Marjoram works well in most recipes that call for a bay leaf, including stews, soups, sauces, and braises. It’s also great to add flavor to grilled meats.
Mexican oregano deserves its spot on this list. You can easily tell it apart from the commonly used oregano because this variant has a distinct citrusy flavor. It’s also more pungent and has a noticeable licorice-like taste. It gives off a more intricate taste making it a staple in traditional Mexican dishes that are beloved for their bolder flavors.
Boldo leaves are commonly suggested to be used in place of bay leaves, but they might be a bit harder to find.
However, grab them for your spice cabinet once you see them in the store. Boldo leaves have the same fragrant and slightly bitter taste as bay leaves. They’re way more powerful than a bay leaf, so use them sparingly and adjust to your preferred taste.
I prefer to keep the leaves intact because they tend to be too pungent when crushed. Unlike bay leaves, wait toward the end of cooking to add boldo leaves. They could lose their aroma and flavor when cooked too long.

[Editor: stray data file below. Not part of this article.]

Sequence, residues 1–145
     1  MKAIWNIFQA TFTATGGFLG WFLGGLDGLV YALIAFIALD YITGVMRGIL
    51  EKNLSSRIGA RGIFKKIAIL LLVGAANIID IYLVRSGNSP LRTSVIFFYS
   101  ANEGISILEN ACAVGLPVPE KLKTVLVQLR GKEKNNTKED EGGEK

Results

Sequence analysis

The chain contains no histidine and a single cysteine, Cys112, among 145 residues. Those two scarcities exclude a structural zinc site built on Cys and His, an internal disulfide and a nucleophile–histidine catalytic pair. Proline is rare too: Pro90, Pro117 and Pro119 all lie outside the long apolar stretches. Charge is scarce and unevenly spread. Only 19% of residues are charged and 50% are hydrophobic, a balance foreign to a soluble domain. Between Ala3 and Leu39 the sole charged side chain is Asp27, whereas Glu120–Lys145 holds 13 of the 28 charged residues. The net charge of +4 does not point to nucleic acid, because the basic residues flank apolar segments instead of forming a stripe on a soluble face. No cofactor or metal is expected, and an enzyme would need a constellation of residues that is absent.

How to Use the Best Alternative to Bay Leaves
Since bay leaf doesn’t typically add a prominent taste to a dish, it gives you a little room to experiment. If you want to tweak the flavor and aroma of a dish slightly, you now have several options to replace bay leaf.
Start experimenting with herbs already familiar to you. This way, you’ll have an idea of how it would change the flavor of a dish and how much you need to use.
Most of the bay leaf alternatives above have more prominent flavors. You can substitute one piece of bay leaf with 1/4 teaspoon of dried oregano, dried Mexican oregano, and dried rosemary.
Generally, you will need about three times that amount if you’re substituting with fresh herbs.
Basil is less likely to overpower a dish, so it’s safe to use a 1:1 ratio when replacing bay leaves with it. The same goes for marjoram.